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We spent the week trying to figure out how to formalize and introduce governance in a friend’s business. This was no micky mouse operation. The business had developed to employ more than 350 people, with an admirable customer base. The business was a technical and skill based undertaking that the founder had lovingly nurtured and directed over 27 years. One must give the brother a salute for having gotten it the business to this level. More so that he had realized that he had reached the zenith of his managerial competence and needed to take the business to another level in order to ensure a lasting legacy.

Back and forth we went. From governance to compliance and from compliance to risk management. From strategy to disruption and from disruption back to financial management we mercilessly dissected the business. It was easier to see the mistakes the founder was making rather than the huge juggernaut he had built. It was easier to take him to task than to encourage him to move to the next level.

Amidst all this criticism, I was able to do some reflection. I took cognizance of the fact that not only had this gentleman been extremely successful in developing his business model, he had along the way acquired a sixth sense or knack for value creation. My reminiscing took me down memory lane and I wondered about the private business entrepreneurs of yesteryears (if you could call them that) who had come tried and failed the legacy test. Some of the names from the past that I could remotely remember included ‘Serwanga Bus Service, Kyapa Mbalaasi. Salonpas and ‘Kadingidi’. Others were Ugantico, Mukalazi Construction and various indigenous banks. The list was as long as a who was who roll call of yesterday’s leading lights and you can add to it with ease.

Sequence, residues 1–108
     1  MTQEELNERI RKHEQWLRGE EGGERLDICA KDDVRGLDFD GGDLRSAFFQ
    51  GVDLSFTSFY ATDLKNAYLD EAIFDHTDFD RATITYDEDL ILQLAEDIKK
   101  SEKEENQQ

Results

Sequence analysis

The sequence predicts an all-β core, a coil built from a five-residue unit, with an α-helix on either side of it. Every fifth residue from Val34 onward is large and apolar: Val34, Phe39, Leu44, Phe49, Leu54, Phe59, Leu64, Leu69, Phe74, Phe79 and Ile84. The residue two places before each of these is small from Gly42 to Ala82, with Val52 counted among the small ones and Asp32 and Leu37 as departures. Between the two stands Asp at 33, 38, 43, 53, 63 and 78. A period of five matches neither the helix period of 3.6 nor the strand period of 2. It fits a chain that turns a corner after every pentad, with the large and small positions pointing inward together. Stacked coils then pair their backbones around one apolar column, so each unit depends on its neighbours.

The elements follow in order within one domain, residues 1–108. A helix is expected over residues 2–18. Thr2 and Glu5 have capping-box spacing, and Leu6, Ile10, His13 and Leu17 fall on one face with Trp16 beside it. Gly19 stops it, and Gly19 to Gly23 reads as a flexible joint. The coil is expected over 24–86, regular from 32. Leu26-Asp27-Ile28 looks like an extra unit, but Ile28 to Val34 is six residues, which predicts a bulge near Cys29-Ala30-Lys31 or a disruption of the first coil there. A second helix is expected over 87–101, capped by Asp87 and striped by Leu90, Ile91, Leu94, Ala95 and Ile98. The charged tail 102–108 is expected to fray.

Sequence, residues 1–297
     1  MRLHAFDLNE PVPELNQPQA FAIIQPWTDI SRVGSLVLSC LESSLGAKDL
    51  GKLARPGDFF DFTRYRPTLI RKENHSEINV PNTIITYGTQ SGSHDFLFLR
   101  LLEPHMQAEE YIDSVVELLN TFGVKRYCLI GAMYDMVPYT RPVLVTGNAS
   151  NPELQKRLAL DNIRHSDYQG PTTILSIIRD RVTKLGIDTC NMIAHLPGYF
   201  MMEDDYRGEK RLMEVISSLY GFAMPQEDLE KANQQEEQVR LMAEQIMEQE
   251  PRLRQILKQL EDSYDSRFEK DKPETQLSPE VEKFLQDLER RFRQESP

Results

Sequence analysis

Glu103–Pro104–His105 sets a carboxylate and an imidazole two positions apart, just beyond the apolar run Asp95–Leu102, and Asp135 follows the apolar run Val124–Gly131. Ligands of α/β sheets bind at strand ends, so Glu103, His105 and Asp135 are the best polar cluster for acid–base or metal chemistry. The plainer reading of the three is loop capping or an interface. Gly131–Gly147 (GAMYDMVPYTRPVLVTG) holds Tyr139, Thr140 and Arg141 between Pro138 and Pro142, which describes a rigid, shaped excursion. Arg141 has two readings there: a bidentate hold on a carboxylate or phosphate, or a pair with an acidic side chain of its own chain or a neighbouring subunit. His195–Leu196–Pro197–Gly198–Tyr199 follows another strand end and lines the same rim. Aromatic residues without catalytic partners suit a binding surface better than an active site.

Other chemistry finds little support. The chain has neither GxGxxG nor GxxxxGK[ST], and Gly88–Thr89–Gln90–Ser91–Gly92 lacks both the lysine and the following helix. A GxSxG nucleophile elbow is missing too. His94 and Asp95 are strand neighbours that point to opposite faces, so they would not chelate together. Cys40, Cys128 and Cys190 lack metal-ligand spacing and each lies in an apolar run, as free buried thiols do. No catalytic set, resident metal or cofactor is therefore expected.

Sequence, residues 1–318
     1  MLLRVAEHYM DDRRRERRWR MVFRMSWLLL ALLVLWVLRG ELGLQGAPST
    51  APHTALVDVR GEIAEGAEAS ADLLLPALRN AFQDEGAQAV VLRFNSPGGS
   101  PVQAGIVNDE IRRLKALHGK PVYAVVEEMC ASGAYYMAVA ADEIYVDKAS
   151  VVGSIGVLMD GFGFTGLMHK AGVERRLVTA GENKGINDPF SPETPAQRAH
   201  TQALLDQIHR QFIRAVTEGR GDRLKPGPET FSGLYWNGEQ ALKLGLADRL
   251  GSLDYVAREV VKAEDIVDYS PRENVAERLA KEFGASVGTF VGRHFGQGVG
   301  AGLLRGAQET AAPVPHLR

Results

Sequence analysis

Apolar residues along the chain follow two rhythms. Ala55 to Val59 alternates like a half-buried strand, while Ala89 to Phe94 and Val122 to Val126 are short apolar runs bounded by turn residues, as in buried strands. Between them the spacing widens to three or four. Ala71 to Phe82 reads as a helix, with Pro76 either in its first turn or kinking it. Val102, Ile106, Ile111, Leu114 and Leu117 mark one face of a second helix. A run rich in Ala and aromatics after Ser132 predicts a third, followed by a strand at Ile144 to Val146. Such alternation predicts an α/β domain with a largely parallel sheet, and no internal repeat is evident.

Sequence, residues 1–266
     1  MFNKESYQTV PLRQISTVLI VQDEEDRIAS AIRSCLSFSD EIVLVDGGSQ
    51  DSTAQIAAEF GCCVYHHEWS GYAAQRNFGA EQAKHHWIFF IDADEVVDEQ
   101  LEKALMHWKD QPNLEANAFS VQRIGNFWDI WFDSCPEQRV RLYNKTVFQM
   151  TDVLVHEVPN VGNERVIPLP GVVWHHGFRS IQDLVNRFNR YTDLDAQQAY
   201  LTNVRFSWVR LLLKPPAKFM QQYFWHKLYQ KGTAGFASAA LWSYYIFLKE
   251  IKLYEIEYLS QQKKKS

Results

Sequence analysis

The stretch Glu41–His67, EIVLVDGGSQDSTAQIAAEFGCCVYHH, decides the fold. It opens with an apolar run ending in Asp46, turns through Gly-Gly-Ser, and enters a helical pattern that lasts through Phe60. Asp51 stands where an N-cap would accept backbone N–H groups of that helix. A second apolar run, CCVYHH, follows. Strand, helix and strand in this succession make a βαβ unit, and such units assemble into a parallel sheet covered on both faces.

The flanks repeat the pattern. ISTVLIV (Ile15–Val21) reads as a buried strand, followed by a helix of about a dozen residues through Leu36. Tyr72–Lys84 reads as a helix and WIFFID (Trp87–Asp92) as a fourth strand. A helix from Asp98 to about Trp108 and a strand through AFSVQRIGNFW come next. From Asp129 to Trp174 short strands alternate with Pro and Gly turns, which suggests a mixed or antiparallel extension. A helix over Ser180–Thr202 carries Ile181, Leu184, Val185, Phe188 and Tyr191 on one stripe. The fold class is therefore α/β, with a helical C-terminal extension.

What had failed these business in terms of managing founder success and cross generational continuity? It felt ridiculous for those in the know that some chaps had lately been fighting over the public parking yard that had been occupied by the transport titans of yesterday. Did this fight in which courts and law enforcement agencies were now involved, not reflect the imperiousness of our business continuity planning processes?

I was drawn out of my reverie when the convener of the meeting asked us what ought to be done to ensure that our very star did not fall on his own sword. In other societies some family businesses had lasted for over 800 years! Why were our locally founded businesses not outliving their founders. There were three strategies that I could immediately think of that would help ensure continuity. The first was to try and make sure that future generations learnt the skills, understood the business operations and had imbibed the philosophy of why the family business existed in the first place. It is onerous to want others to continue something they were not passionate about in the first place.

The second strategy I could think of was the need to formalize ownership and plan for its transfer before the demise of the founding owner. There was no purpose served in letting your heirs fight over the business (and at its expense) even before your interment. The third strategy in my opinion required more humility then business savvy. The ability to create a governance framework that recognized the business as separate from its owners. Perhaps this was the most difficult. Ceding power in a patriarchal society is more likely to be misconstrued as personal weakness. It is akin to accepting that others now know more than the founder about the business! It could also lead to feelings of inadequacy and dejection. Sacrificing leadership of an empire that one has nurtured for eons is never an easy thing. Self-destruction maybe sometimes be easier than immortality.

Samuel Sejjaaka is Country Team Leader at Abacus Business School. Twitter @samuelsejjaaka